News from the Land: Gold, Bronze, and Brass
27 January 2018
It’s a new year. We’ve come through the darkness that December holds, and the frigid air of January. But it’s a Saturday morning and I’m just back from the town dump, reveling in the golden light of the drive. No snow on the fields at the moment so the early sun is reflecting off the brass, bronze, golden colors of dried crop stubble. Makes a man look ahead with a smile on his face.
We started last year with a goal of becoming much more public in our work. You’ve seen some of the random ways in which that took place in previous letters from me. Now we’re starting to settle into a rhythm and a focus. Here are some examples:
- Kushner Roshi continues to deepen his work to introduce hara to the world. He defines the word better than I do but to me, it is the natural neuromuscular state of a human being who has resolved duality. It is what you see and feel when a man or woman is resting at ease in the world. Of note, Ken has written an article on hara that will be published in the Fall 2018 issue of the Buddhist magazine Tricycle and we are preparing to meet the inquiries that will most likely follow publication. He continues to collect his various forms of work on hara in his blog.
- Whitelaw Roshi’s work in Vietnam has ripened into a cohort of thirty young leaders, committed to participation in a three-year program that includes various forms of leadership training along with sesshin twice a year. They are a group that values structure, pushing us to produce training manuals and instructor training so that they can take what they learn out into the world. Ginny’s capacity to withstand jetlag is mind boggling.
- My focus this year will be on bringing about more public discussion of ways to face suffering. A common perception of Buddhism in America is that it presents a way to end suffering. Hard to hear that. In most descriptions of Buddhism here, either the focus is on ending one’s own suffering, or there is a pretense that ending the suffering of others can be done without deeply facing your own. What is missing is that “deeply.” The work isn’t to end your own suffering; the work is to face that of others. How to stand and breath, how to be in the face of all that is painful in people’s lives. I’ll have a chance to ripen this work during two visits to the University of San Francisco where I will be a visiting scholar with a chance to teach, talk, and write about this perspective on suffering. I’ll be working with faculty member Geoff Ashton there and colleagues from medicine and philosophy in the Bay Area. Inspired by Ken’s blogging, I’ve started one of my one with a focus on suffering. Not much there yet but you can find the beginnings at gordongreene.org.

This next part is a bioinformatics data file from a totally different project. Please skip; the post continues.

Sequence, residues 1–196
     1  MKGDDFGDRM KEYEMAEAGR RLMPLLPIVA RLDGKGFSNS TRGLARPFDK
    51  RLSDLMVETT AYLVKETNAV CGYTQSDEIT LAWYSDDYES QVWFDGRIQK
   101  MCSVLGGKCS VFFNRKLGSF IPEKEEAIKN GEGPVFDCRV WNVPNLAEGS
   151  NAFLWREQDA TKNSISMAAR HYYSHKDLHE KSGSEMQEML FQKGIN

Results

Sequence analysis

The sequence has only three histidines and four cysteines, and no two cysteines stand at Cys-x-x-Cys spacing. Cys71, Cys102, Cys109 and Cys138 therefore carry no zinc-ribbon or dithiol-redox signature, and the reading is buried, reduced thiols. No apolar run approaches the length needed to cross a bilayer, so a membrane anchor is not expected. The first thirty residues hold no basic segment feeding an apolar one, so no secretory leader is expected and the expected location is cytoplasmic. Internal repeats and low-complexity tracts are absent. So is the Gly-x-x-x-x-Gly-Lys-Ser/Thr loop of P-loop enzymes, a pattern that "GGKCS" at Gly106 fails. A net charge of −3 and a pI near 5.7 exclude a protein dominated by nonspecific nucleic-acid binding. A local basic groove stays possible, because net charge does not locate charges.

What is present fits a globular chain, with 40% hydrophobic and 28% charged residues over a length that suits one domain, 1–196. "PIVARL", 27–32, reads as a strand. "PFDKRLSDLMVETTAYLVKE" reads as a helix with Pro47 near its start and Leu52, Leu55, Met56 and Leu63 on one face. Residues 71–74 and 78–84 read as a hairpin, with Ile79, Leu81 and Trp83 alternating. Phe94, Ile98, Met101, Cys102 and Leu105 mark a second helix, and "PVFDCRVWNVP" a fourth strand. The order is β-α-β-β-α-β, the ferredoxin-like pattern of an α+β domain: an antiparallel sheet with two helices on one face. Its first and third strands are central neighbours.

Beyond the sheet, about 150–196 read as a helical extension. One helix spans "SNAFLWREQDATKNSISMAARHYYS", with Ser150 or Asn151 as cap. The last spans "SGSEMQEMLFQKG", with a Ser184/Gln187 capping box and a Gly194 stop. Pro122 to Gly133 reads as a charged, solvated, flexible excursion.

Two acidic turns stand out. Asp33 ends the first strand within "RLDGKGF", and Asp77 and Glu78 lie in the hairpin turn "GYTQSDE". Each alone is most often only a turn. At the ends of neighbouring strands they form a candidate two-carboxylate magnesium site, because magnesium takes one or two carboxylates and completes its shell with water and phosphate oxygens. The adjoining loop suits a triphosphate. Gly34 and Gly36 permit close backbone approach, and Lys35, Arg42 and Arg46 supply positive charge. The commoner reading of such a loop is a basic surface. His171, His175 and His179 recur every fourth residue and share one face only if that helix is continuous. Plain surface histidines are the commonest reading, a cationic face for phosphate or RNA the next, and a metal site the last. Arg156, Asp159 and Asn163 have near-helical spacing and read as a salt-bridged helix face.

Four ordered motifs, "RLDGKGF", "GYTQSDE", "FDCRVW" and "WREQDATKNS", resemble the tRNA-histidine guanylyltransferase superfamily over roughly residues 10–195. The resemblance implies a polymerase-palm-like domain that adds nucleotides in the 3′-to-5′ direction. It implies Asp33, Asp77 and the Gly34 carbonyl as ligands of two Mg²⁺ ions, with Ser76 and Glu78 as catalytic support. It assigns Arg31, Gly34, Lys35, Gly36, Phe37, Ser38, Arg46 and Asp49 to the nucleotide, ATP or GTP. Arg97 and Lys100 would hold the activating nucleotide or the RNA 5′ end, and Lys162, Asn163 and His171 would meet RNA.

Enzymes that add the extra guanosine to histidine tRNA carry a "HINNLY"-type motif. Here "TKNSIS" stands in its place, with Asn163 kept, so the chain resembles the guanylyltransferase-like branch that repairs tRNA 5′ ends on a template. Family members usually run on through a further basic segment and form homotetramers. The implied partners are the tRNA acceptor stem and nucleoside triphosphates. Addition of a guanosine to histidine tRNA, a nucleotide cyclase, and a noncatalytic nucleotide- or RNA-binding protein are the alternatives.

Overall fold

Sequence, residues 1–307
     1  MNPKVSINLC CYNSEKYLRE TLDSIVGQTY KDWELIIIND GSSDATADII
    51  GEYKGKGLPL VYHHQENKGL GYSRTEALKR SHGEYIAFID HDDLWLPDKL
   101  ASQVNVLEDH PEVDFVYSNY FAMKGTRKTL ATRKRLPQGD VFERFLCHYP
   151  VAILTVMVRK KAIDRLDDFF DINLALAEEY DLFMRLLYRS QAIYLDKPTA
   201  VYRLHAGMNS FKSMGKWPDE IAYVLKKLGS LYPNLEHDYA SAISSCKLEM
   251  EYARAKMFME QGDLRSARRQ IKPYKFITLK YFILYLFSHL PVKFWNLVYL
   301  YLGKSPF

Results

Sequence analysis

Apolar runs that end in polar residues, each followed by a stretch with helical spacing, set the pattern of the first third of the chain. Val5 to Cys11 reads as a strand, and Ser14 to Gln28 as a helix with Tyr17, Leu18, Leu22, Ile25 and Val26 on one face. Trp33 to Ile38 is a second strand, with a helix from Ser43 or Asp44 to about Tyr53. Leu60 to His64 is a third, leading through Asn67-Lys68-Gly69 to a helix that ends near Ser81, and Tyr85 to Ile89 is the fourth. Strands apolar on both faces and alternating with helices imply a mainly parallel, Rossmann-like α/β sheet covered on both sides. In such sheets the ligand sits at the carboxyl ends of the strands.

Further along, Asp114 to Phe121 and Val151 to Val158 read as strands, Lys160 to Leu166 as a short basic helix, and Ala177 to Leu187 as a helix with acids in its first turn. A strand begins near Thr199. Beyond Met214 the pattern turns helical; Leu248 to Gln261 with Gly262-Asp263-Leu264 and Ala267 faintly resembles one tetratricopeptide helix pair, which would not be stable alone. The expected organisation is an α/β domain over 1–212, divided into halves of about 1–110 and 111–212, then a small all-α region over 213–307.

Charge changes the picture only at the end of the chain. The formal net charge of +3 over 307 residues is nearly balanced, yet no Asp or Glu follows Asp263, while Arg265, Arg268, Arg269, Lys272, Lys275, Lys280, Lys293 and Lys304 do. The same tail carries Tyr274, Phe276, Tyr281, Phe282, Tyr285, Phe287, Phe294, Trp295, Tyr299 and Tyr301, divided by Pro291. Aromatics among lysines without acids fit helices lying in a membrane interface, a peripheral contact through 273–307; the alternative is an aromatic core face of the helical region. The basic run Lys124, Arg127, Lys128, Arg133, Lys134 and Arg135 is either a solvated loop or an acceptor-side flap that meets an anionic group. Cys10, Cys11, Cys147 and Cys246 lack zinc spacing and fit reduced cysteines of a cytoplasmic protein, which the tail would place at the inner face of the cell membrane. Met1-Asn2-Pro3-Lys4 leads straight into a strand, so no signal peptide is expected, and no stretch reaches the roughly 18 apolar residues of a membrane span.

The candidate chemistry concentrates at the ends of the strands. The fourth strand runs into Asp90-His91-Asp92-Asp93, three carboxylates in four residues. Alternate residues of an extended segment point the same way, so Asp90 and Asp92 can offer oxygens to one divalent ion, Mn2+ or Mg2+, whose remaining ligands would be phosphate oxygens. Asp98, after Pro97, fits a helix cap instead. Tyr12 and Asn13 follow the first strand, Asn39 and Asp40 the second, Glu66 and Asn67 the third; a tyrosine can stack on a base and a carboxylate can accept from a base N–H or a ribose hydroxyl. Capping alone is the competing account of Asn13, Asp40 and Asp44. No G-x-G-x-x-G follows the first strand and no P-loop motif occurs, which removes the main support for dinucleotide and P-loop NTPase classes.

Another element of looking ahead this year is watching how our sister organization, the Institute for Zen Leadership, has formed a strong management team. Andy Robins, the new managing director, is working with Beth Anderson and Emily Ferguson to coordinate programs, websites, communication, and membership. Board Chair Rebecca Ryan is focused on new ways of raising money, with support of the board and professional consultant, Robynn James. All of this team building is a bit like watching a rocket being assembled. I see the power and I’m ready to feel it.
IZL is important to us on the Zen training side of things, both because its programs have brought many people into Zen training and because it is a major funding source for Dojo programs. In this regard you’ll be hearing more from Rebecca and Robynn as they create our spring fundraising campaign.
And finally, hard to predict all of the ways in which our ceramics program will unfold this year but we keep having exciting encounters with clay. A few days ago a friend showed me a hikidashi (“pulled out” from the fire) sake cup formed by Tsujimura Shiro, a Zen monk turned potter. He is self-taught in ceramics – something highly unusual in Japan – and yet his work is highly prized there.
I’ve been watching the lunar eclipse this morning and the experience of picking up his cup was somehow equally mysterious. How can something black give off such light? How can something inert keep moving in my hand? Finding ways to express something so alive will be a never-ending challenge. That too, brings a smile to my face.
From the woods,
Spring Green Dojo